ZFIN ID: ZDB-PUB-030325-1
Formation of the digestive system in zebrafish. I. Liver morphogenesis
Field, H.A., Ober, E.A., Roeser, T., and Stainier, D.Y.
Date: 2003
Source: Developmental Biology 253(2): 279-290 (Journal)
Registered Authors: Field, Holly, Ober, Elke, Roeser, Tobias, Stainier, Didier
Keywords: none
MeSH Terms: Animals; Animals, Genetically Modified; Base Sequence; Body Patterning; Digestive System/embryology (all 14) expand
PubMed: 12645931 Full text @ Dev. Biol.
ABSTRACT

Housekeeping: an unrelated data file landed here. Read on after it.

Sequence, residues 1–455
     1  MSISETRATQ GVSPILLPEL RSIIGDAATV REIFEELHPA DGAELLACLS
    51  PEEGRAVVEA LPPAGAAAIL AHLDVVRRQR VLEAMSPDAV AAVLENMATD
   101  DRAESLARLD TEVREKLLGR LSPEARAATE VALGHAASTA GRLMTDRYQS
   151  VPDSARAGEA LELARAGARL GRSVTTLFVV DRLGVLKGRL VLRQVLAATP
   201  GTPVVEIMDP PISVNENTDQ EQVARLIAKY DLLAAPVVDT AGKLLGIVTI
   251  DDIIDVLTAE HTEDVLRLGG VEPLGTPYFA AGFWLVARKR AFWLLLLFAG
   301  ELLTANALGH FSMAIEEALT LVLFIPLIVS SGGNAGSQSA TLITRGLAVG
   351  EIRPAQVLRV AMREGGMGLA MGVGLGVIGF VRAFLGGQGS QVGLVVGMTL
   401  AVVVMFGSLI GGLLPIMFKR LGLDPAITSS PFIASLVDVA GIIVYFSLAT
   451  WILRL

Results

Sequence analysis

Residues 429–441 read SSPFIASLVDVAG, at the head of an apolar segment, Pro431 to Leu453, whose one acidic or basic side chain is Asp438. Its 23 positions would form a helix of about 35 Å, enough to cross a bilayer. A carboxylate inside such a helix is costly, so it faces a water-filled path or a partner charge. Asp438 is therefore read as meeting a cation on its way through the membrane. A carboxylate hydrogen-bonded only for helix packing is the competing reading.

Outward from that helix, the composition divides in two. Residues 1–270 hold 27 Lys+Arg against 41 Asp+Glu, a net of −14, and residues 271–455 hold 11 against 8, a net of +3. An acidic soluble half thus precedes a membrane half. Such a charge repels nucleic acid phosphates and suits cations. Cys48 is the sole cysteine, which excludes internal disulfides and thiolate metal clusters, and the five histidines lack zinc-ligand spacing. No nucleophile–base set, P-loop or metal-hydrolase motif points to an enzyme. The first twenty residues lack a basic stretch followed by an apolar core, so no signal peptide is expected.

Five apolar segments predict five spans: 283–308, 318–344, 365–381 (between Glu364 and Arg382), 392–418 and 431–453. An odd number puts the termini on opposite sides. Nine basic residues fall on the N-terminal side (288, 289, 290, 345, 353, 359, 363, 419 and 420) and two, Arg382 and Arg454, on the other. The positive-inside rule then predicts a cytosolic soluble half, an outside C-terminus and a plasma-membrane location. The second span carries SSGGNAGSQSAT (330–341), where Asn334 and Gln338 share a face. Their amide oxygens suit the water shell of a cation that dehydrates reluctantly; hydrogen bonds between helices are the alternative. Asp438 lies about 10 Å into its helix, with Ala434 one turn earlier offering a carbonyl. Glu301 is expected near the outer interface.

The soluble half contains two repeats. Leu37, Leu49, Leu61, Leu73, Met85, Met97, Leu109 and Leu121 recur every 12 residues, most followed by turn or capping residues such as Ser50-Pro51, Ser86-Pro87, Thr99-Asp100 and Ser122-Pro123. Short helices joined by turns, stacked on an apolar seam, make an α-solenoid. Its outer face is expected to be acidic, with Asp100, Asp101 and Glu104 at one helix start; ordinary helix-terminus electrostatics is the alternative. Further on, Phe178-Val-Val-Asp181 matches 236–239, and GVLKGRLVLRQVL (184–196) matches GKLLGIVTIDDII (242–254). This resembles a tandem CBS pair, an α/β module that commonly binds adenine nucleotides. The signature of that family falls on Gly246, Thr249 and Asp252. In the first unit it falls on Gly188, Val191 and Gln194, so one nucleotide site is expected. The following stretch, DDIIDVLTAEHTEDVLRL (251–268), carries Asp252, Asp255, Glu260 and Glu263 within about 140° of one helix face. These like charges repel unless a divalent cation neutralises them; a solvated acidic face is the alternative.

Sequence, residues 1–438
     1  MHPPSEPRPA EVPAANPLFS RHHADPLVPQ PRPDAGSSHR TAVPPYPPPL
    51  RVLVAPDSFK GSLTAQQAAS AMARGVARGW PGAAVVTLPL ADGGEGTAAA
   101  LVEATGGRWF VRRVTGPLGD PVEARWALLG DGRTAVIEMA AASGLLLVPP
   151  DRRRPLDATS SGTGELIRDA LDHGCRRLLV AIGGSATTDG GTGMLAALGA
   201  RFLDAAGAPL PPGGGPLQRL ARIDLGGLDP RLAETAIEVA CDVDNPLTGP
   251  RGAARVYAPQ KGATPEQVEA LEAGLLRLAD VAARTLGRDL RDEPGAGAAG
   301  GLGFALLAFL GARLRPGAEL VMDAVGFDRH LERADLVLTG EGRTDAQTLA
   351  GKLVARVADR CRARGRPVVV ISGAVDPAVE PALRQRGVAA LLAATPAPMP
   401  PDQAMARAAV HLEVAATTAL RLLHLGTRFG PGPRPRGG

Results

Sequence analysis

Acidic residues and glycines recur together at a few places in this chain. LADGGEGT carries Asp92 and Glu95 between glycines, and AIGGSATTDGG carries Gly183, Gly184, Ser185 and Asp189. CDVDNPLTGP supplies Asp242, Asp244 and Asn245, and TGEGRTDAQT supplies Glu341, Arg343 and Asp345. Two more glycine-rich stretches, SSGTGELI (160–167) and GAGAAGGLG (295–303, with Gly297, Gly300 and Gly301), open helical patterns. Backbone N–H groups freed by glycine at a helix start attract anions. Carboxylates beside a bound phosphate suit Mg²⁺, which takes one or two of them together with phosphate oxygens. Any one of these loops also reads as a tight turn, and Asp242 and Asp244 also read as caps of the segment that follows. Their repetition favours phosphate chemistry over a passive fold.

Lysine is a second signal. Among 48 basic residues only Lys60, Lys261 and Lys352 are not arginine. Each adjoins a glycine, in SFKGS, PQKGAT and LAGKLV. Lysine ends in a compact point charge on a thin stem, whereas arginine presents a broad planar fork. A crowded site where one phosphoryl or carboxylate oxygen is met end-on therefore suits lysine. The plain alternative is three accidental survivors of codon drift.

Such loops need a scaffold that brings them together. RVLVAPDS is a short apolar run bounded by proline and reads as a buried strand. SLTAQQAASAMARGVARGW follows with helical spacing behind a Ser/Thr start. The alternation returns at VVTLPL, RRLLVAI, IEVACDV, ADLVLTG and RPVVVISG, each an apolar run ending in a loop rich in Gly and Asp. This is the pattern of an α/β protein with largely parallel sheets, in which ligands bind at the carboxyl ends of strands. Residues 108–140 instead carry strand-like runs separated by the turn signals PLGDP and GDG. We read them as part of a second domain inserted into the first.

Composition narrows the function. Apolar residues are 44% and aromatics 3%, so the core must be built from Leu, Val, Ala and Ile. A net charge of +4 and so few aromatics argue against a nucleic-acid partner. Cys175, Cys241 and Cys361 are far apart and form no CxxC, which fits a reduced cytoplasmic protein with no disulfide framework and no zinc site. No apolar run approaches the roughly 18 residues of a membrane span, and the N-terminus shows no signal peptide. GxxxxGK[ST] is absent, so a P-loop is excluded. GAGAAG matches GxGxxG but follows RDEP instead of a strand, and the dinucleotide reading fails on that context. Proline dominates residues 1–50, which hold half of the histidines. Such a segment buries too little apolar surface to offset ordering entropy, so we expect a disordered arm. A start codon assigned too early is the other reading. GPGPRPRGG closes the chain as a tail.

Despite the essential functions of the digestive system, much remains to be learned about the cellular and molecular mechanisms responsible for digestive organ morphogenesis and patterning. We introduce a novel zebrafish transgenic line, the gutGFP line, that expresses GFP throughout the digestive system, and use this tool to analyze the development of the liver. Our studies reveal two phases of liver morphogenesis: budding and growth. The budding period, which can be further subdivided into three stages, starts when hepatocytes first aggregate, shortly after 24 h postfertilization (hpf), and ends with the formation of a hepatic duct at 50 hpf. The growth phase immediately follows and is responsible for a dramatic alteration of liver size and shape. We also analyze gene expression in the developing liver and find a correlation between the expression of certain transcription factor genes and the morphologically defined stages of liver budding. To further expand our understanding of budding morphogenesis, we use loss-of-function analyses to investigate factors potentially involved in this process. It had been reported that no tail mutant embryos appear to lack a liver primordium, as assessed by gata6 expression. However, analysis of gutGFP embryos lacking Ntl show that the liver is in fact present. We also find that, in these embryos, the direction of liver budding does not correlate with the direction of intestinal looping, indicating that the left/right behavior of these tissues can be uncoupled. In addition, we use the cloche mutation to analyze the role of endothelial cells in liver morphogenesis, and find that in zebrafish, unlike what has been reported in mouse, endothelial cells do not appear to be necessary for the budding of this organ.
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